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Stephanie R. Toliver is an assistant professor of Curriculum and Instruction at the University of Illinois at Urbana-Champaign. Informed by her love of science fiction and fantasy texts as well as her experience as a 9th and 10th grade English teacher, Toliver’s scholarship centers the freedom dreams of Black youth and honors the historical legacy that Black imaginations have had and will have on activism and social change. Specifically, her research centers three interrelated areas: (1) the examination of how Black youth engage in the reading and writing of speculative fiction to discuss and challenge their experiences with social injustice; (2) the exploration of how Black people use storytelling to describe modern and historical antiblackness and to dream of worlds and futures in which Black people are free from the burdens of societal injustice; and (3) the consideration of how intersecting oppressions infiltrate the field of English education and how teacher educators can use reflexivity exercises and arts-based pedagogies to help pre-service teachers imagine ways to combat educational injustices. She is the author of the award-winning book, Recovering Black Storytelling in Qualitative Research: Endarkened Storywork, and her academic work has been published in several journals, including Equity, Excellence, & Education; Journal of Literacy Research; and Journal for Multicultural Education. Her public scholarship has been featured on LitHub, Huffpost, and the Horn Book.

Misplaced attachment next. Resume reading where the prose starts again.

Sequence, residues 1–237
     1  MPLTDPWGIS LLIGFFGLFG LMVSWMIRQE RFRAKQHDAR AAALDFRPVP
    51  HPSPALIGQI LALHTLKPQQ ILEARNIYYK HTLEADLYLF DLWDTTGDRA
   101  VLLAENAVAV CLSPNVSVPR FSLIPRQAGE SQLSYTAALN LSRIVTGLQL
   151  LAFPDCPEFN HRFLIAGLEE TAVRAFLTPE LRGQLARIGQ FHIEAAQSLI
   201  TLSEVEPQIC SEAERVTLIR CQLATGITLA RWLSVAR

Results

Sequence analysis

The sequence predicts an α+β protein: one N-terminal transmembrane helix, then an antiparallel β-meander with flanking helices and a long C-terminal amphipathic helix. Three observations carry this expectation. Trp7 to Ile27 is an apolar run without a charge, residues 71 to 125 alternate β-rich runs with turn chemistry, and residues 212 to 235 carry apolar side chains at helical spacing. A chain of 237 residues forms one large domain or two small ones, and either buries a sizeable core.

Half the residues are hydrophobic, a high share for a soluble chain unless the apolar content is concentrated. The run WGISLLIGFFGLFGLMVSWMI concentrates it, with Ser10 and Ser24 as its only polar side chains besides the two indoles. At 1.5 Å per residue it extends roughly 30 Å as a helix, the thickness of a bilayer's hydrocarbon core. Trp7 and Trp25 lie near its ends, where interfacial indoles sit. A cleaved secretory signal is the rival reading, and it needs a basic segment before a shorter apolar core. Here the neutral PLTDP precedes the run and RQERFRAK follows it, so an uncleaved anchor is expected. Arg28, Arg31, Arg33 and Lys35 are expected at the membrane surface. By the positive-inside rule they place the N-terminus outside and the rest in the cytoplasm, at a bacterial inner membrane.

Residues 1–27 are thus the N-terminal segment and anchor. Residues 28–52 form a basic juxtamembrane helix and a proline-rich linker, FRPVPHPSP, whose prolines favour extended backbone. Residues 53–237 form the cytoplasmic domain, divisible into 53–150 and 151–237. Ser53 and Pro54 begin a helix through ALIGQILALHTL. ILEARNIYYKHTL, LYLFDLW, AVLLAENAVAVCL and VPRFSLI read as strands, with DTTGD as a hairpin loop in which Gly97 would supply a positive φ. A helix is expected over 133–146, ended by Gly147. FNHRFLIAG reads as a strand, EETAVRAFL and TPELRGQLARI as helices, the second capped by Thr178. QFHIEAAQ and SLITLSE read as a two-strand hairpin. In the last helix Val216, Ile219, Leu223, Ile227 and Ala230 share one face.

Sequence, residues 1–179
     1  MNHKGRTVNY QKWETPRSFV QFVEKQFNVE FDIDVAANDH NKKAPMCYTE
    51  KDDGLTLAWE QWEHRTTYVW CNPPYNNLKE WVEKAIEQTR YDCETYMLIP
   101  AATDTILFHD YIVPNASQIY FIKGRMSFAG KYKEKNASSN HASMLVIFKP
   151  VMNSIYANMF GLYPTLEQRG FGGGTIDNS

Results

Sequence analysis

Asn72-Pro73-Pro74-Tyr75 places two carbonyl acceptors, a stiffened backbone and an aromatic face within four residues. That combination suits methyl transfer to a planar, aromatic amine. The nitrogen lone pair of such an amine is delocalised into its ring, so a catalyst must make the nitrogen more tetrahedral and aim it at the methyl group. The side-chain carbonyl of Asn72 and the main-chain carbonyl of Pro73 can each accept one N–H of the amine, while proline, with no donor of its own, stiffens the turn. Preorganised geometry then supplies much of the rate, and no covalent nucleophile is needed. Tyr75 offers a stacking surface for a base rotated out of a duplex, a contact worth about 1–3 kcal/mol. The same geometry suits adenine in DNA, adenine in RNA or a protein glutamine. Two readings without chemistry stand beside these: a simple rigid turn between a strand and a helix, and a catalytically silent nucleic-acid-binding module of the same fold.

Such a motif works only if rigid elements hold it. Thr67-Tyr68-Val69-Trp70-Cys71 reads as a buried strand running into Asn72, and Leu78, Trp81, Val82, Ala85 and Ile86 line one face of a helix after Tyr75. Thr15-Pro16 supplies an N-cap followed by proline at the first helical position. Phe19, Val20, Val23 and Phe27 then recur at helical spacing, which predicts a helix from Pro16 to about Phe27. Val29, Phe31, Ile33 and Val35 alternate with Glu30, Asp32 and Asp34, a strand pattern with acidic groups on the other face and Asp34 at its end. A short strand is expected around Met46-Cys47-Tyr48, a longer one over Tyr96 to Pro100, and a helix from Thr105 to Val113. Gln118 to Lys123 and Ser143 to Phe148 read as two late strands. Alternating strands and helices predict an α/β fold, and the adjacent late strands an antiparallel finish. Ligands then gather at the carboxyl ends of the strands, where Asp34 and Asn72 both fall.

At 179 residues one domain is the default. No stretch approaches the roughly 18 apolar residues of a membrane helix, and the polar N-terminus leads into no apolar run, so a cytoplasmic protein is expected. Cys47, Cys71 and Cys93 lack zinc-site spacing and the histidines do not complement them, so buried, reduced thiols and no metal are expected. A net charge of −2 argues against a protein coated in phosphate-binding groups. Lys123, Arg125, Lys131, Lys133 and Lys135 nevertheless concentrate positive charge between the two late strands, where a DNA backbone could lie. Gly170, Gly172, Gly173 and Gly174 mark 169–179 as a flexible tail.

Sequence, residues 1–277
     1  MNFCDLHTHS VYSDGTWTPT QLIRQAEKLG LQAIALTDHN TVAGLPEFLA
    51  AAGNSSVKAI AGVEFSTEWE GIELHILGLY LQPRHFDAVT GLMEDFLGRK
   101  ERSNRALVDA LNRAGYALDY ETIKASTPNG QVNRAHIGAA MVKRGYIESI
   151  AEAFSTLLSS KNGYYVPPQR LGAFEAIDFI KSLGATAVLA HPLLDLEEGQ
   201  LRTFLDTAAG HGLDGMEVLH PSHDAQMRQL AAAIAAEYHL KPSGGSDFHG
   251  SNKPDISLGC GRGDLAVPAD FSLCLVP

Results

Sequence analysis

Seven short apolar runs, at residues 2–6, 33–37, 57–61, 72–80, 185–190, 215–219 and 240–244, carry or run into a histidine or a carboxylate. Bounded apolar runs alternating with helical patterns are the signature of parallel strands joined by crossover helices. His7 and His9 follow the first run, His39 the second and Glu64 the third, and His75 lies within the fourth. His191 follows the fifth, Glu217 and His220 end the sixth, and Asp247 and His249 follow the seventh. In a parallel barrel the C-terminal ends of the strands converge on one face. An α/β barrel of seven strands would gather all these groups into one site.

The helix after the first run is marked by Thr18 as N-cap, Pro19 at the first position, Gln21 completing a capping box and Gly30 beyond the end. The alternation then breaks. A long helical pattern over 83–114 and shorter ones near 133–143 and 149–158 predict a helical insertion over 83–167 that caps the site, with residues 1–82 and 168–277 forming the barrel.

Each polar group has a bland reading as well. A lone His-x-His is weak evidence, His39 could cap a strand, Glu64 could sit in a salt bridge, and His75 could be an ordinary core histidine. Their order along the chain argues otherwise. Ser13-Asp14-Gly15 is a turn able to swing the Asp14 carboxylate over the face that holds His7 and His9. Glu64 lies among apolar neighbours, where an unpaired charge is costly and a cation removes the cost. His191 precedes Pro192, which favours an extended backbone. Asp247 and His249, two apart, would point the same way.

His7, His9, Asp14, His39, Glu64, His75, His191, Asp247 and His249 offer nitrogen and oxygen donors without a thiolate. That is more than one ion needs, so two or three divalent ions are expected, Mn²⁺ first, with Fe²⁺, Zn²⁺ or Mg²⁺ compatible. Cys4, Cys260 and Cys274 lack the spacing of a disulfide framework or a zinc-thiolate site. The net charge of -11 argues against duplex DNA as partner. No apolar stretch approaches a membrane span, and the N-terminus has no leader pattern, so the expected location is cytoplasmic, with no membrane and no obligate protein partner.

• L Education
  • Black Girls
  • Afrofuturism
  • Radical Imagination
  • Womanism
  • Black Feminism
  • Black Storytelling
  • Thematic Analysis
  • Critical Ethnography
  • Critical Discourse Analysis
  • Endarkened Storywork
  • Reader Response Theory
  • Critical Content Analysis
  • Speculative Fiction
  • Critical Literacy
  • Arts-Based Methods
  • Young Adult Literature
  • Social Justice Theories
  • Preservice Teacher Training
  • Culturally Sustaining Pedagogies
  • Arts-Based Research Methods


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